Mapping combo to key and key to combo

Glynn Clements glynn at
Thu Aug 27 13:37:59 PDT 2009

Thomas Dickey wrote:

> >>> I think maybe xmodmap or xbindkeys might be able to do something like that.
> >>
> >> Perhaps - but the windows-key may be a problem (iirc, unless _it_ happens
> >> to be one of the special modifiers such as shift- and control-, it won't
> >> work - someone might be able to clarify that).
> >
> > Usually the Windows key gets mapped to Super, which, in turn, is usually
> > Mod4.
> man xmodmap says
>         keycode NUMBER = KEYSYMNAME ...
>                 The list of keysyms is assigned to the indicated keycode (which
>                 may be specified in decimal, hex or octal and can be determined
>                 by running the xev  program).   Up  to  eight  keysyms  may  be
>                 attached  to  a  key, however the last four are not used in any
>                 major X server implementation.  The first keysym is  used  when
>                 no  modifier  key  is pressed in conjunction with this key, the
>                 second with Shift, the third when the Mode_switch key  is  used
>                 with  this  key  and  the  fourth when both the Mode_switch and
>                 Shift keys are used.
> ...from which I recall some comment that indicates that while you can 
> assign "any" key to be one of the extra modifiers, it's only the first 
> four in this table that can be received as a completely-reassigned keysym.
> Otherwise, you're relying on the application to interpret the modifiers 
> (as xterm does, for example - in addition to the translations resource). 
> That wouldn't be what OP was requesting.
> clarification on this point was what I was suggesting...

I think that Marius interpreted your previous comment as simply saying
"the Windows key has to be bound to a modifier to use it like a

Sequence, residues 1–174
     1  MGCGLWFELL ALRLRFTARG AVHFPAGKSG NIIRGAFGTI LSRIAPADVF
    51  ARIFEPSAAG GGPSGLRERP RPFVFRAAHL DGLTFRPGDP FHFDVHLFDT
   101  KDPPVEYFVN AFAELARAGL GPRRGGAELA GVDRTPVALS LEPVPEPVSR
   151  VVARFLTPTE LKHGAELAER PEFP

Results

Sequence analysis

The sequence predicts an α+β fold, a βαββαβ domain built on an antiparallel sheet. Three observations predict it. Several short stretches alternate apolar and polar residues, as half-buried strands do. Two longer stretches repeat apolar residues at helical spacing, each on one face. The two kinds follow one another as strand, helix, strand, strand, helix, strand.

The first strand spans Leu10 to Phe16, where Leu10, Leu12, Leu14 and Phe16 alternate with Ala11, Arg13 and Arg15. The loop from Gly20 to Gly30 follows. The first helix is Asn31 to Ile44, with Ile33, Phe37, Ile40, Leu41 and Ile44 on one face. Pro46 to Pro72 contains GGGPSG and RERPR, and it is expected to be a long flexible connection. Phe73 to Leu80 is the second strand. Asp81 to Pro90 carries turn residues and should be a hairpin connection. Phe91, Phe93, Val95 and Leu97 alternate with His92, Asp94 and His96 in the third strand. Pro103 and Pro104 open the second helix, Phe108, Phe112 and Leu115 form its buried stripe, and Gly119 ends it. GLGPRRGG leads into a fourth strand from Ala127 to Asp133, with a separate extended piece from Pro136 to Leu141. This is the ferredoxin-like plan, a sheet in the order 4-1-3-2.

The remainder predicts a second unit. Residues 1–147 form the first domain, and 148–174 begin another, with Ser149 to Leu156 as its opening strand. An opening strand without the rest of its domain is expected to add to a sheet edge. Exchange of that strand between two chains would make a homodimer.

modifier", rather than saying "it has to be one of the `special'
modifiers in order to have it affect the keysym".

As the xmodmap section cited above says, the only modifiers which
affect the keycode->keysym mapping are the shift modifier (and the
{num,caps,shift}-lock modifiers) and the Mode_switch/ISO_Level3_Shift
modifier. These are the ones which are used to select between the
multiple symbols which may be printed on a physical key.

The use of Shift/AltGr to affect the keycode to keysysm translation
allows libraries and applications to handle text input without needing
to know the details of the various keyboard layouts (e.g. Shift+2 is
"atsign" on a US keyboard but "quotedbl" on a UK keyboard). 

XLookupString() etc can just look at the keysyms without worrying
about where they came from.

Modifiers not related to text entry don't affect the keysym, but are
simply reported as modifiers in the event structure. (However,
modifiers which *do* affect the keysym are also reported as modifiers,
so applications which do their own low-level event processing need to
know that Shift+! == ! == Shift+1).

Glynn Clements <glynn at>

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